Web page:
Court Ruling Celebrated from Stonewall to Golden Gate
June 27, 2003
By Beth Shapiro, 365Gay.com Newscenter, New York Bureau
New York City—Hundreds of people
chanting “it’s a great day to be gay” rallied Thursday night in front of
the Stonewall Inn, site of gay riots 34 years ago. Stonewall, the first time
gays rallied as a community to strike back at repression is seen as the
beginning of the gay rights movement.
The rally was a celebration of the U.S. Supreme Court’s
decision to strike down state bans on sodomy, but some organizers feared that
if the court had ruled against gays there would be a repeat of the Stonewall
riots that raged for three days in 1969.
Among the celebrants Thursday night was state
Assemblywoman Deborah Glick, of Manhattan.
“My heart is just filled with the joy that knowing the
generations that come after us will not have to labor under this mask of
criminality,” Glick said “We will never go back into the shadows again.”
“It’s the first time that the Supreme Court has ever
positively voted in favor of gays,” said Charley Beal, 45, as he waved a
Lawrence Saltzman, 49, who was wearing a shirt that read
“Homo sex is not a crime,” said: “What it means today for us is children
growing up today, adolescents and other people in our society won’t be told
that people who are not heterosexuals are criminals. It allows gays to look at
themselves without criminality.”
In Texas, rallies were held at Republic Square Park, in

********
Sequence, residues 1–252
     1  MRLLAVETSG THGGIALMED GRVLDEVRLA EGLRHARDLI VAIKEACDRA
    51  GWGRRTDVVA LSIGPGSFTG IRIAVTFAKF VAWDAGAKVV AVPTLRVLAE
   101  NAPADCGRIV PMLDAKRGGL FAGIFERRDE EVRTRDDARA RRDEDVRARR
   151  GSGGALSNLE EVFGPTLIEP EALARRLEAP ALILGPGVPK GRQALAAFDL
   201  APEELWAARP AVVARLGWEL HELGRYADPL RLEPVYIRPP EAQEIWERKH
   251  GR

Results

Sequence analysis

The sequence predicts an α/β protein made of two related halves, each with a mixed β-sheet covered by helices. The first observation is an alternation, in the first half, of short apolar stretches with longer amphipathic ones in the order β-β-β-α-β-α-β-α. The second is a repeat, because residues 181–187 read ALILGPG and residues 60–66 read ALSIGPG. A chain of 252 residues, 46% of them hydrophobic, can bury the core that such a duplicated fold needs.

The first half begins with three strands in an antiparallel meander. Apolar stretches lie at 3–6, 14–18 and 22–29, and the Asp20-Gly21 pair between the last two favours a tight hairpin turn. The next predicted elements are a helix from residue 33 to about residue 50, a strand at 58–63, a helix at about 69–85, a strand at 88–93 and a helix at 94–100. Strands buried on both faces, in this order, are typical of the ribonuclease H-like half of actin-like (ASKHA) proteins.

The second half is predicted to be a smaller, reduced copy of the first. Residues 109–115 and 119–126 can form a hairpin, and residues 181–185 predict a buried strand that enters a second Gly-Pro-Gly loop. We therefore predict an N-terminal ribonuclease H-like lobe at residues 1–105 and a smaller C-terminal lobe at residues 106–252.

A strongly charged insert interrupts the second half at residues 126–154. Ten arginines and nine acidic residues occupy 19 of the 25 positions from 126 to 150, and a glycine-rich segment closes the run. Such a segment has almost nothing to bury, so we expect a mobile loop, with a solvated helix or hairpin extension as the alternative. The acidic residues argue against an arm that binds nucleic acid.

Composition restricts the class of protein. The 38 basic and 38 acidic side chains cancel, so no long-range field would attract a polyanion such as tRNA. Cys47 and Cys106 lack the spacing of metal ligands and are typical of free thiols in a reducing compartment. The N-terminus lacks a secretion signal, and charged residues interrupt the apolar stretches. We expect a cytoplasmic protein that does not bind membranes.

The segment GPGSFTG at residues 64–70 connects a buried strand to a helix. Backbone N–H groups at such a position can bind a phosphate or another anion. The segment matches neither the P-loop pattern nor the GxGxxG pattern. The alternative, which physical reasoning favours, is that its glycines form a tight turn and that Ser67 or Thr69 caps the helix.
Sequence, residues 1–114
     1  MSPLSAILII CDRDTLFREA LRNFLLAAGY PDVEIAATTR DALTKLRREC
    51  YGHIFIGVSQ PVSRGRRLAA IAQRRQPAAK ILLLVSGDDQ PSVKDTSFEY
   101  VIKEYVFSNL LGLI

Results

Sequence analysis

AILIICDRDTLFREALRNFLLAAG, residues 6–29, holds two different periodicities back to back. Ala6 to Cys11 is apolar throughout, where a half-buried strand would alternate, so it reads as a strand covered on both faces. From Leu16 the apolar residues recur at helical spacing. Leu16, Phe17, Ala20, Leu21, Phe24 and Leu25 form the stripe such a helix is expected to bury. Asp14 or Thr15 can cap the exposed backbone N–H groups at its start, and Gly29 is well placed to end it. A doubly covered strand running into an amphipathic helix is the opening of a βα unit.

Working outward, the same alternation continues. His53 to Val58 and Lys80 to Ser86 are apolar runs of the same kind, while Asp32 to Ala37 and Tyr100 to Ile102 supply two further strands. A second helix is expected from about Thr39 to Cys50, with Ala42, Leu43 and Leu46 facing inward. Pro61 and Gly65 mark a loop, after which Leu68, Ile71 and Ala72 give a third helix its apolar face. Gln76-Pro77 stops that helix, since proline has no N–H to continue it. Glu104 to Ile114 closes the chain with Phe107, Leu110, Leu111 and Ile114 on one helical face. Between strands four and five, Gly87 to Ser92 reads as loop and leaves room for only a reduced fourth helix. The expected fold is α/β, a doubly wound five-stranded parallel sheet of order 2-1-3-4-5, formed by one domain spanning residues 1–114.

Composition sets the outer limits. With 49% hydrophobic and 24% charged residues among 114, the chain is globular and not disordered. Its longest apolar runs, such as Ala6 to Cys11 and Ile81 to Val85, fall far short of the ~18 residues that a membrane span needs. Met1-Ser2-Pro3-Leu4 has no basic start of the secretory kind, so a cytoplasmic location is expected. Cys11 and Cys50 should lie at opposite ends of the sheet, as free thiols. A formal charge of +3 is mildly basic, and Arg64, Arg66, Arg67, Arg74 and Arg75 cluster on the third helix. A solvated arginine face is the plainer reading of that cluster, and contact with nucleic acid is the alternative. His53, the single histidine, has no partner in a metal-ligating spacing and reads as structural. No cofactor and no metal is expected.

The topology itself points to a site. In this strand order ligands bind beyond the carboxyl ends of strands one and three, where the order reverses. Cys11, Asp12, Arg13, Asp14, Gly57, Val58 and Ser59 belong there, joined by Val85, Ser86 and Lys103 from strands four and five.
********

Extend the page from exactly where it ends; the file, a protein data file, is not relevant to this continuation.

Dallas and on the steps of Houston city hall. Other celebrations were held in
Galveston and Austin.
In Chicago, more than 100 people attended a rally at
Halsted & Roscoe Streets in Boys Town. The rally also marked the beginning
of Gay Pride weekend. Illinois has not had a sodomy law since 1962, but many
at the celebration said Thursday’s ruling was an affirmation.
On the west coast, in San Francisco, the court ruling
came shortly after 7 am. By noon a large crowd had gathered in the Castro
district. For one day, as a symbolic gesture, instead of flying the Rainbow
flag, the Stars and Stripes was hoisted up the flagpole at the corner of
market and Castro.
The moment was “genuinely joyous,” said Armistead
Maupin, who withstood bomb threats and lawsuits when his 1970s Tales of the
City novels about San Francisco gay life aired as a TV movie in 1990.
In all, celebrations were held in 36 cities nationwide.
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